24 January 2021 by Ray Mahlaka
Amid an intensified lockdown – under which the sale of alcohol is banned – a stalling economy and Eskom load shedding, South Africa’s hospitality industry is already financially distressed. Now the government has introduced new worker remuneration regulations for the sector.
First published in the Daily Maverick 168 weekly newspaper.
“I feel like I’m running on a treadmill that is going backwards.” This is how Frankie Gianfranco has described ongoing efforts to ensure that his eatery survives the crippling effects of tightened lockdown regulations.
Gianfranco is the owner of Frankie’s Food and Coffee in Johannesburg’s trendy 44 Stanley Avenue, which is normally bustling with hipsters, students and working professionals, but lately resembles a ghost town.
Walk into Frankie’s and surrounding restaurants, and you’re likely to be confronted by empty tables and waiters eagerly waiting for customers who may never come. Gianfranco said generating daily sales of about R1,500 to cover the take-home pay of his two workers (already reduced to 65%) and operating costs is becoming a herculean task.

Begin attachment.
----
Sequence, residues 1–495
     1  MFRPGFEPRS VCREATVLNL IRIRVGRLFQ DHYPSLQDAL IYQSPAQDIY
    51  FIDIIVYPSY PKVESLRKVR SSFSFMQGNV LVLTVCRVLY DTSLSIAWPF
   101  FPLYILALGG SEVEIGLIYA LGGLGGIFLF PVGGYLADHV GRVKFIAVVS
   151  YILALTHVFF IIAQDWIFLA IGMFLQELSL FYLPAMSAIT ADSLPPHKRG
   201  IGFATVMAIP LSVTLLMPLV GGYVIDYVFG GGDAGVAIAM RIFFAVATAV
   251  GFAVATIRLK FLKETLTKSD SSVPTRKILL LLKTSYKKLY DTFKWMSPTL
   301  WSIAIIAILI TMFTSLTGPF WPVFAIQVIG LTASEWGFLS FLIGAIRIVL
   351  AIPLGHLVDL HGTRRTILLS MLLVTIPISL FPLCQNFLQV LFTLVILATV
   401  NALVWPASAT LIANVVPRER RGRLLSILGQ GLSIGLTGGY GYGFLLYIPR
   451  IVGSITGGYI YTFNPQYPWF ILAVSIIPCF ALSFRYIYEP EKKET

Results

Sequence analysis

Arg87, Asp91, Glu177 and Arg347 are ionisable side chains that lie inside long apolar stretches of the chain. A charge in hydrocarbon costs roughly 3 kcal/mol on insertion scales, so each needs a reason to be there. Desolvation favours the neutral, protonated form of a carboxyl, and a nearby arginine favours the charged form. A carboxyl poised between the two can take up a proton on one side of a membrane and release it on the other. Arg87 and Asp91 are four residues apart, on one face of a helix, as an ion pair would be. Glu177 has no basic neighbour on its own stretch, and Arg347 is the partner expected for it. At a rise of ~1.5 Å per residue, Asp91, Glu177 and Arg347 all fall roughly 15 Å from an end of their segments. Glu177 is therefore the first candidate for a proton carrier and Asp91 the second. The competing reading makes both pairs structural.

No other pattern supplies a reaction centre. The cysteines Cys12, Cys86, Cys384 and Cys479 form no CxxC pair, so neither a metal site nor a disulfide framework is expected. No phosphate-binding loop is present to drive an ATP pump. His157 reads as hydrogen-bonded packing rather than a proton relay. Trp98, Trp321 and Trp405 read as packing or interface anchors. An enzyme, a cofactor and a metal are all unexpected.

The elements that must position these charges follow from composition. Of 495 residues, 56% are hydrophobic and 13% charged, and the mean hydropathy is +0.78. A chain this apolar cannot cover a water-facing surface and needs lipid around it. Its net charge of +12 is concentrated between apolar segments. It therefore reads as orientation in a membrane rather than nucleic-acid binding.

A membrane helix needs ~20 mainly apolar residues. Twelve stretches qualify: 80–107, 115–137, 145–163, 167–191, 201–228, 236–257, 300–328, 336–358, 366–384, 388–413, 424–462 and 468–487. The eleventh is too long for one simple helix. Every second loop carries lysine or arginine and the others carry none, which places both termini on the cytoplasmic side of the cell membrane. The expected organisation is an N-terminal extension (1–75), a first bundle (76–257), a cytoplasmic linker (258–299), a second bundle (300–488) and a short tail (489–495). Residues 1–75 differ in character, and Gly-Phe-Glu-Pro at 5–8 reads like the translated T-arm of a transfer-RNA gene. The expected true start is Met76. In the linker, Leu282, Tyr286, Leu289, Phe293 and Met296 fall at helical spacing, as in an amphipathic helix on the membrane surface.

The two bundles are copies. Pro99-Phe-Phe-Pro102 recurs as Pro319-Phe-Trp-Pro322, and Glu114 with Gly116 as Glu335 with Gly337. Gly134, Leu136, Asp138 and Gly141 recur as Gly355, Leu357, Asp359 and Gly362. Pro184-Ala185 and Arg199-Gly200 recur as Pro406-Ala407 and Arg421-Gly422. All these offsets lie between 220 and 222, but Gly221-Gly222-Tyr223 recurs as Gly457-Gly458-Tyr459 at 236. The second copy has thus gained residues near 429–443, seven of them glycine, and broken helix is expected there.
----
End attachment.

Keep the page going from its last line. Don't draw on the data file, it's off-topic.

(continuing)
“I’m mortgaged to the hilt. I’m now lending money from my family to pay workers and other business expenses because the restaurant is not making money. If this continues until March, I might not be able to keep the restaurant open,” he told DM168.
Many more may not survive. Already reeling from the lockdown, under which the sale of alcohol is banned and public life is restricted through a 9pm curfew, restaurants have been thrown another curveball by the government.
The Department of Employment and Labour has pushed new regulations that will require businesses that sell food and beverages to provide, among other things, improved remuneration for workers, including mandatory December bonuses (of one week’s wages), take-home pay that is above the R3,500 national minimum wage, and weekly payments to workers if they are required to wash their uniforms.